Tag: word origins

legal

Background checks: everyday words with legal records

Absolute privilege, ad hoc, aforementioned, affidavit, arraignment, arbitrage: the language of law can be dense, demanding, and downright intimidating, and these are just a few of the words and phrases that begin with the letter a. For all the difficulties of legalese, a great number of common words have a surprisingly legal record, so to speak. Mayhem Dating back […]

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The origin of culprit is more complicated than you might think.

The curious case of culprit

Amnesia, disguises, and mistaken identities? No, these are not the plot twists of a blockbuster thriller or bestselling page-turner. They are the story of the word culprit.   At first glance, the origin of culprit looks simple enough. Mea culpa, culpable, exculpate, and the more obscure inculpate: these words come from the Latin culpa, “fault” or “blame.” One would suspect that culprit is the same, yet we should never be […]

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10 inventions named after people

Inventors’ Day is celebrated on different days in many countries to recognize the contributions of inventors. In the US, the event falls on 11 February – the anniversary of Thomas Edison’s birth. We would like to take this occasion to explore the linguistic contributions of inventors to the English language. Browse our list below to […]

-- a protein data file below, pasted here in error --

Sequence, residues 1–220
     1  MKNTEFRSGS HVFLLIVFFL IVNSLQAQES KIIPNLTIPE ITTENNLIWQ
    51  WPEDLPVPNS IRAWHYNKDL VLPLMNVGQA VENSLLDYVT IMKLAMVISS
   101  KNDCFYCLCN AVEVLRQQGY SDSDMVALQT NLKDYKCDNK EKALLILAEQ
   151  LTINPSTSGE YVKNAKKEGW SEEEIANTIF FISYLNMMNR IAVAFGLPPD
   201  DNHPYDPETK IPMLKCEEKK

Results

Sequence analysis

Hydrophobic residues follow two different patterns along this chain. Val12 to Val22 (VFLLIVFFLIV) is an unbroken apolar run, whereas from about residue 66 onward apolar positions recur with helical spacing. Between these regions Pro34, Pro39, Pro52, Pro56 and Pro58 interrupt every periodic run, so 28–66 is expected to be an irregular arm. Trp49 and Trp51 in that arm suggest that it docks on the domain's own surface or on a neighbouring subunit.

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Video: what do you call a new word made by combining two other words?

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Rome_large

When in Rome… read some place name idioms

We recently looked at people’s names in common expressions, and now it’s the turn of place names. Why do certain locations become proverbial, and which place-related idioms have fallen out of favour? Sent to Coventry No disrespect intended to the people of Coventry, but, idiomatically at least, it is not a very pleasant place to […]

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pencil

Lord Byron in the OED

Lord Byron, one of Britain’s greatest poets, was born on this day in 1788, so we thought this might be a good opportunity to trace his influence on the English language. We have consulted the Oxford English Dictionary (OED) and discovered more about Byron’s innovative use of language. While all the words listed below existed […]

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Ancient Greece

Why it’s all Greek to you and that shouldn’t be a problem

“Give me a word, any word and I’ll show you how the root of that word is Greek. Ok? How about arachnophobia? Αράχνη, that comes from the Greek word for spider, and φοβία is a phobia, it means fear. So fear of spiders. There you go!” “OK Mr Portokalos. How about the word kimono?” “Hmm, […]

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Video: what is the origin of the word vape?

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